Long-term outcomes of stenting and endarterectomy for symptomatic carotid stenosis: a preplanned pooled analysis of individual patient data

Carotid Stenosis Trialists' Collaboration

Research output: Contribution to journalArticle

9 Citations (Scopus)

Abstract

Background: The risk of periprocedural stroke or death is higher after carotid artery stenting (CAS) than carotid endarterectomy (CEA) for the treatment of symptomatic carotid stenosis. However, long-term outcomes have not been sufficiently assessed. We sought to combine individual patient-level data from the four major randomised controlled trials of CAS versus CEA for the treatment of symptomatic carotid stenosis to assess long-term outcomes. Methods: We did a pooled analysis of individual patient-level data, acquired from the four largest randomised controlled trials assessing the relative efficacy of CAS and CEA for treatment of symptomatic carotid stenosis (Endarterectomy versus Angioplasty in Patients with Symptomatic Severe Carotid Stenosis trial, Stent-Protected Percutaneous Angioplasty of the Carotid Artery versus Endarterectomy trial, International Carotid Stenting Study, and Carotid Revascularization Endarterectomy versus Stenting Trial). The risk of ipsilateral stroke was assessed between 121 days and 1, 3, 5, 7, 9, and 10 years after randomisation. The primary outcome was the composite risk of stroke or death within 120 days after randomisation (periprocedural risk) or subsequent ipsilateral stroke up to 10 years after randomisation (postprocedural risk). Analyses were intention-to-treat, with the risk of events calculated using Kaplan-Meier methods and Cox proportional hazards analysis with adjustment for trial. Findings: In the four trials included, 4775 patients were randomly assigned, of whom a total of 4754 (99·6%) patients were followed up for a maximum of 12·4 years. 21 (0·4%) patients immediately withdrew consent after randomisation and were excluded. Median length of follow-up across the studies ranged from 2·0 to 6·9 years. 129 periprocedural and 55 postprocedural outcome events occurred in patients allocated CEA, and 206 and 57 for those allocated CAS. After the periprocedural period, the annual rates of ipsilateral stroke per person-year were similar for the two treatments: 0·60% (95% CI 0·46–0·79) for CEA and 0·64% (0·49–0·83) for CAS. Nonetheless, the periprocedural and postprocedural risks combined favoured CEA, with treatment differences at 1, 3, 5, 7, and 9 years all ranging between 2·8% (1·1–4·4) and 4·1% (2·0–6·3). Interpretation: Outcomes in the postprocedural period after CAS and CEA were similar, suggesting robust clinical durability for both treatments. Although long-term outcomes (periprocedural and postprocedural risks combined) continue to favour CEA, the similarity of the postprocedural rates suggest that improvements in the periprocedural safety of CAS could provide similar outcomes of the two procedures in the future. Funding: None.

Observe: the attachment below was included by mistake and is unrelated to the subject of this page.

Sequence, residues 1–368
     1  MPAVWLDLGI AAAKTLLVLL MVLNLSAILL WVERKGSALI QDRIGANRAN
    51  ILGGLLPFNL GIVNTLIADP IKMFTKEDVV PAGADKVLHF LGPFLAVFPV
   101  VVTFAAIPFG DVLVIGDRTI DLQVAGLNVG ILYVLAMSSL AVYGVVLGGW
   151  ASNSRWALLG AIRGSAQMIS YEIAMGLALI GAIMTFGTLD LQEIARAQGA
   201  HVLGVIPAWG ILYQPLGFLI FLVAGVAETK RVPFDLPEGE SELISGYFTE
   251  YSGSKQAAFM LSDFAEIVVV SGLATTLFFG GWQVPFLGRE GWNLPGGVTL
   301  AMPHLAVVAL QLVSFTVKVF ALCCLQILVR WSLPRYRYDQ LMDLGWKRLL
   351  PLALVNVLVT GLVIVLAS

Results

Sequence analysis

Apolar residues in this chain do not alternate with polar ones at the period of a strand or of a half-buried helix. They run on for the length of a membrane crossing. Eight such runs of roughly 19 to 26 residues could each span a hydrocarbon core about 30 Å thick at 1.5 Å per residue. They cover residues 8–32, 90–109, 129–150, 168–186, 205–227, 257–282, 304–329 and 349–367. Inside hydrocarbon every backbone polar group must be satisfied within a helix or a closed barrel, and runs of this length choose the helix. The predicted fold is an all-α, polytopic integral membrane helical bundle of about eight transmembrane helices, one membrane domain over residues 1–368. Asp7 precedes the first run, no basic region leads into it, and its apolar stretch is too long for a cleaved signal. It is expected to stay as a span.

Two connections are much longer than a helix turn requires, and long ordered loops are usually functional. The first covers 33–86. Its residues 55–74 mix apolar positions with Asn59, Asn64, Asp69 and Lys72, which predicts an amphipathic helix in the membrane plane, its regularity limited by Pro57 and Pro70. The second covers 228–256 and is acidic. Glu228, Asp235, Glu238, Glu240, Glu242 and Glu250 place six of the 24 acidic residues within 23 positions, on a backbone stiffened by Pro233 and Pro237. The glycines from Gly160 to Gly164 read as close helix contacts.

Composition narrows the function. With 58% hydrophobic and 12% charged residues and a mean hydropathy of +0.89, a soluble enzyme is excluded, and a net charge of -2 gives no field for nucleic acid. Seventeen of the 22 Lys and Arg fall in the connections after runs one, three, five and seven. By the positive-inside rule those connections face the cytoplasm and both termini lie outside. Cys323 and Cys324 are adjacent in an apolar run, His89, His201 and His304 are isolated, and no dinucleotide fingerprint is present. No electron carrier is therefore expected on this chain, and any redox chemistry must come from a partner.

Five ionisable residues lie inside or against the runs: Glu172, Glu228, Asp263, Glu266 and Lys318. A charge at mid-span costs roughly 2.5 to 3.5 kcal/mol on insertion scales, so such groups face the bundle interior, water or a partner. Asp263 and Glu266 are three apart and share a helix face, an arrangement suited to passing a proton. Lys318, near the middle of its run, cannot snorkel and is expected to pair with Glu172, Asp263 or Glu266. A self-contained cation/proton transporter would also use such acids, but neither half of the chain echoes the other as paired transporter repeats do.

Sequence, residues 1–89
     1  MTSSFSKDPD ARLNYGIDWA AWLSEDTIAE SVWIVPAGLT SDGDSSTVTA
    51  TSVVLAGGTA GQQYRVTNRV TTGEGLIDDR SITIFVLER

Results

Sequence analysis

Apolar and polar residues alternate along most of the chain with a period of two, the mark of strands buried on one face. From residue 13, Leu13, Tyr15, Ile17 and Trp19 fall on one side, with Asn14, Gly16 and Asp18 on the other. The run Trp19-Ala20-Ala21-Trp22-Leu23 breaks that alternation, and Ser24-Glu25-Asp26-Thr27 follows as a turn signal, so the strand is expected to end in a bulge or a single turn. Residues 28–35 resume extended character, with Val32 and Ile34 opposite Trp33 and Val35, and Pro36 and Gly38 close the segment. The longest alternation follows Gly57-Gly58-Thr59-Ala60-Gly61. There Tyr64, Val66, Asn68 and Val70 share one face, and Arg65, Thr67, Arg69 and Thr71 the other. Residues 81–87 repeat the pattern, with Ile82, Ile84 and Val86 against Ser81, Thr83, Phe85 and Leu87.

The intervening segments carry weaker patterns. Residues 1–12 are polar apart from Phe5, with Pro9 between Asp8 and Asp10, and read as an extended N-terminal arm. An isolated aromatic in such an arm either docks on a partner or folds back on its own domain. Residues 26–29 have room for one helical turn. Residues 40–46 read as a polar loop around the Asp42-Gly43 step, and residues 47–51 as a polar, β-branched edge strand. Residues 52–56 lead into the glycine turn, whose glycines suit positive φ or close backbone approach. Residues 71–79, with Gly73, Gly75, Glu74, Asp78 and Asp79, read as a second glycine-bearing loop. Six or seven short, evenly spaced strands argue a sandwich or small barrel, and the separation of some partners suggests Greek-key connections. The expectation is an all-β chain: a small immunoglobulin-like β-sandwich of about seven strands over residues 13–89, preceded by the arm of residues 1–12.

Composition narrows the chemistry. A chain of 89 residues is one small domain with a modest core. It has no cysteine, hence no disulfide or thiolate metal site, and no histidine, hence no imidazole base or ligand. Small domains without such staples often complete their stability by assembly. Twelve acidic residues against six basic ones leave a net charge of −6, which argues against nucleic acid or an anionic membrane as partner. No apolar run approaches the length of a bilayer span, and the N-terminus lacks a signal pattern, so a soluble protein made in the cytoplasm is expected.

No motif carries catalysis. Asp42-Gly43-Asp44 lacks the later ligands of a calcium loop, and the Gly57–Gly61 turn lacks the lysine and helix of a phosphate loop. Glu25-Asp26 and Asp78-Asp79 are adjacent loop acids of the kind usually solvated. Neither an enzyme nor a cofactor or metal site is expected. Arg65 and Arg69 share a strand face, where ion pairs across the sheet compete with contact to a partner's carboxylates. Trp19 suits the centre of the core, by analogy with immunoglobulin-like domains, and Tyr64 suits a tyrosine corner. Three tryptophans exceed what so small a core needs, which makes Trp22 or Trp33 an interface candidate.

Original languageEnglish (US)
Pages (from-to)348-356
Number of pages9
JournalThe Lancet Neurology
Volume18
Issue number4
DOIs
StatePublished - Apr 1 2019

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Endarterectomy
Carotid Endarterectomy
Carotid Stenosis
Carotid Arteries
Random Allocation
Stroke
Angioplasty
Therapeutics
Randomized Controlled Trials
Intention to Treat Analysis
Stents
Safety

ASJC Scopus subject areas

  • Clinical Neurology

Cite this

Long-term outcomes of stenting and endarterectomy for symptomatic carotid stenosis : a preplanned pooled analysis of individual patient data. / Carotid Stenosis Trialists' Collaboration.

In: The Lancet Neurology, Vol. 18, No. 4, 01.04.2019, p. 348-356.

Research output: Contribution to journalArticle